Yikes, the United States Copyright Office requested comments on whether requiring users to utilize Microsoft Internet Explorer to pre-register commercial copyrighted material would pose any problems. Well duh — of course it would because it would mandate that individuals and companies boot up a security hazard.
This is what the request for comments said:
The Copyright Office is supplementing its Notice of Proposed Rulemaking on preregistration of copyright claims, issued July 22, 2005. That notice proposed procedures to preregister any unpublished work being prepared for commercial distribution that is in a class of works determined by the Register of Copyrights to have had a history of pre-release infringement. Today’s notice seeks information as to whether persons filing the electronic-only preregistration form prescribed by the Copyright Office will experience difficulties if it is necessary to use Microsoft’s Internet Explorer web browser in order to preregister a work.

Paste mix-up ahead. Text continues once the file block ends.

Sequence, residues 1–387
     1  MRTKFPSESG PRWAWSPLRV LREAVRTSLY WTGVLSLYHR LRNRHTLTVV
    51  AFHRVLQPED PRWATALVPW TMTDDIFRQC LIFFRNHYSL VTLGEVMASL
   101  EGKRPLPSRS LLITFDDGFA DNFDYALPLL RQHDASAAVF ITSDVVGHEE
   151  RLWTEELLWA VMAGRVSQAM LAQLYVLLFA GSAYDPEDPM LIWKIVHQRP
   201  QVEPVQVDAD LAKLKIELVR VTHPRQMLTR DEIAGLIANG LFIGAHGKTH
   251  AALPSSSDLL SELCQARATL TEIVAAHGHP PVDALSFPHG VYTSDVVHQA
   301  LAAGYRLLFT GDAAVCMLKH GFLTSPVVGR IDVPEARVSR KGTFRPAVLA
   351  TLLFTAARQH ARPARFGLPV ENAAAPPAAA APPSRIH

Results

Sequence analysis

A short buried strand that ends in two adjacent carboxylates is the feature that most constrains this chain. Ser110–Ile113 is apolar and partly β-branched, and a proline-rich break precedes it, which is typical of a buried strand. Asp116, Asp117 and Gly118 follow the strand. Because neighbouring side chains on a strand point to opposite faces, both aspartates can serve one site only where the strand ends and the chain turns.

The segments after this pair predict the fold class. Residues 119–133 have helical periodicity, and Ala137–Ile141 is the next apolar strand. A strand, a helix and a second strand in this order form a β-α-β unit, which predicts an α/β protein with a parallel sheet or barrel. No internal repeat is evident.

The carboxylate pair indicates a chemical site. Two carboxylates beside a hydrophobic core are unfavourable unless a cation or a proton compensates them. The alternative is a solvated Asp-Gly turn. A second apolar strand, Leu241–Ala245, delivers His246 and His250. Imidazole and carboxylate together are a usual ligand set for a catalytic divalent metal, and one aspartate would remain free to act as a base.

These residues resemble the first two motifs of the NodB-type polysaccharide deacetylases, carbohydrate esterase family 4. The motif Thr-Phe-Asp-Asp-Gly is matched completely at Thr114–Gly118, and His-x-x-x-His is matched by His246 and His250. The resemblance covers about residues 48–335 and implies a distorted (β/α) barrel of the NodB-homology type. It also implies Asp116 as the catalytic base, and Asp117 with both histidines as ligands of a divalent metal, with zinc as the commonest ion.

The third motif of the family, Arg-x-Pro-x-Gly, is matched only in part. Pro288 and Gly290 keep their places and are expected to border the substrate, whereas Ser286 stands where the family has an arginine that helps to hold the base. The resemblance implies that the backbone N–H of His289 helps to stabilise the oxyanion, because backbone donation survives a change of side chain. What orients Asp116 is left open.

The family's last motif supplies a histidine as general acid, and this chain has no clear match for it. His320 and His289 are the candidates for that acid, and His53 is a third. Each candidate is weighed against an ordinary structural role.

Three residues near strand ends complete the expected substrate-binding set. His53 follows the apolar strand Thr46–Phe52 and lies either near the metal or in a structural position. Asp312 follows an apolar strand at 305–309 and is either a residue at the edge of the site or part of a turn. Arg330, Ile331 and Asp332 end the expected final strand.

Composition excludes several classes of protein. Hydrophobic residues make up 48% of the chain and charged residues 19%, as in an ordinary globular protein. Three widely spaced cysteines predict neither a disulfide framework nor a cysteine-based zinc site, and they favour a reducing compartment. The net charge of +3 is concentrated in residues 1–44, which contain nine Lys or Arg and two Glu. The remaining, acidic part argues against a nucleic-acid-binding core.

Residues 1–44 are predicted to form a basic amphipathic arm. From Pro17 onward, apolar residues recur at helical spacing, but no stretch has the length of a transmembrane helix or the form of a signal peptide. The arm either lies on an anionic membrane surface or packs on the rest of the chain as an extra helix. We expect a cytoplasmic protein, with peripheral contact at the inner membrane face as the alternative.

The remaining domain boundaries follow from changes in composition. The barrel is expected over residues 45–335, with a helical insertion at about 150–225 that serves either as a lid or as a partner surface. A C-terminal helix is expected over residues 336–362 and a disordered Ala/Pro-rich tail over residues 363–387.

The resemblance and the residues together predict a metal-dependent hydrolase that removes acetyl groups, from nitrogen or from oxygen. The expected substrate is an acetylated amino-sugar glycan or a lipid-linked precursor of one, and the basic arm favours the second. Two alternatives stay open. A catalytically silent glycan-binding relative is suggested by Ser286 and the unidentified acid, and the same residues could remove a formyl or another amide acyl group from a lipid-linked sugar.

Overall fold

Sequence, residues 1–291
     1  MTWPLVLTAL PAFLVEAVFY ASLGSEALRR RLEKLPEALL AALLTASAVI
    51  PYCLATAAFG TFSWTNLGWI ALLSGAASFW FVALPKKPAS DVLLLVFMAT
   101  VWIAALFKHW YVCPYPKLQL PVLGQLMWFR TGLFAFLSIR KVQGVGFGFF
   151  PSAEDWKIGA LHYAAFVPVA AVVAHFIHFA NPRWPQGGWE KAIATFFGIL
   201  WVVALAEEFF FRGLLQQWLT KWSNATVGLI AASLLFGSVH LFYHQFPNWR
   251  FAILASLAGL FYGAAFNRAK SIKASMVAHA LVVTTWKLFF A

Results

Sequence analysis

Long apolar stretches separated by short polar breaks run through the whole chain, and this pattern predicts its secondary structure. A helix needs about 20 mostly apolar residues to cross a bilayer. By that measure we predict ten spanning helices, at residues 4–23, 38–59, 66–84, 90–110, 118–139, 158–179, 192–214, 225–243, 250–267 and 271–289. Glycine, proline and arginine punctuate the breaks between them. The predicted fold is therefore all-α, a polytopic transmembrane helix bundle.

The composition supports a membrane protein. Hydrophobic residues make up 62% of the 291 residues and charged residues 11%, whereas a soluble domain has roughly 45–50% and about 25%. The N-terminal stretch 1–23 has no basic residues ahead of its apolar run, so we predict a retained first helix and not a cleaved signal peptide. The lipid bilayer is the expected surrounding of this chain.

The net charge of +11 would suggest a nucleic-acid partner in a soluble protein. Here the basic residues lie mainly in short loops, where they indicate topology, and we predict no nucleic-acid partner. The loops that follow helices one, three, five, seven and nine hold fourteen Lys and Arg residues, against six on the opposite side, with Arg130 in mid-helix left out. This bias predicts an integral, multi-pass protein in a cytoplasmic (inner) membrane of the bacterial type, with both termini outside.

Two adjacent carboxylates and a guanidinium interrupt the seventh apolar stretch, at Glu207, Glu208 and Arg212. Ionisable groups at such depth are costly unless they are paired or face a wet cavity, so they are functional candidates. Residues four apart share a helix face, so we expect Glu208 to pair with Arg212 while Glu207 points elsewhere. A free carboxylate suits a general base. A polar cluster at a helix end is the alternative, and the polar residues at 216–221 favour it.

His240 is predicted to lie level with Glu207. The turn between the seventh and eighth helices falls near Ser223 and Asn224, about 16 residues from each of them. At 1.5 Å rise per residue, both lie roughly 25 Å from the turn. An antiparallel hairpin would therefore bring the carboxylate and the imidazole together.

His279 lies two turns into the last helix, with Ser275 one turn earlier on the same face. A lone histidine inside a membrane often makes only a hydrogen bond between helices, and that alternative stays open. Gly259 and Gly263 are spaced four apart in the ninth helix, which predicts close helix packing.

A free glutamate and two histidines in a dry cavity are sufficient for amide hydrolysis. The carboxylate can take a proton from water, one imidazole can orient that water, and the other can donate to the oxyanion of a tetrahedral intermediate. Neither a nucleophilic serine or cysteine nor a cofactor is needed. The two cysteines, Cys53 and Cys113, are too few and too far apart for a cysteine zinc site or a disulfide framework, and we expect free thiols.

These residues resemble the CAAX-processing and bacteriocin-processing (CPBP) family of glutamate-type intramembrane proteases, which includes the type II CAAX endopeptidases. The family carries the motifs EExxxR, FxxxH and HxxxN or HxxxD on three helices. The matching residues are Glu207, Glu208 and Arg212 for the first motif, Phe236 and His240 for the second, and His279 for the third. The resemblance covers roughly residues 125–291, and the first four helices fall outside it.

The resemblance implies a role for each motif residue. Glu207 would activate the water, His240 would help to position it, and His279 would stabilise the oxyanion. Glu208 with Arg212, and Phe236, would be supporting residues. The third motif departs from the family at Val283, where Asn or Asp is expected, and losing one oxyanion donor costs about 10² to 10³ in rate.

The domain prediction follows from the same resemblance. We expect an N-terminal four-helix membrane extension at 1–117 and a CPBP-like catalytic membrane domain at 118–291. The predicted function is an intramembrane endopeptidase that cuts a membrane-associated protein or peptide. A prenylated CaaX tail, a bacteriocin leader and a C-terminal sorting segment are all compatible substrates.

Fortunately Tim Berners-Lee, Director of the World Wide Web Consortium, is once again advocating for open source – vendor neutral standards, especially from the United States Government. He filed a comment that is posted at W3C and was filed with the Copyright Office before the August 22nd deadline.
Perhaps the ultimate irony is that the United States Computer Emergency Readiness Team (CERT), part of the United States Department of Homeland Security, established in 2003 to protect the nation’s Internet infrastructure, has itself recommended against the use of Internet Explorer as recently as June of 2004. Indeed just this month, CERT published yet another security alert regarding Microsoft Internet Explorer security holes.
Come-on Copyright Office, get a clue!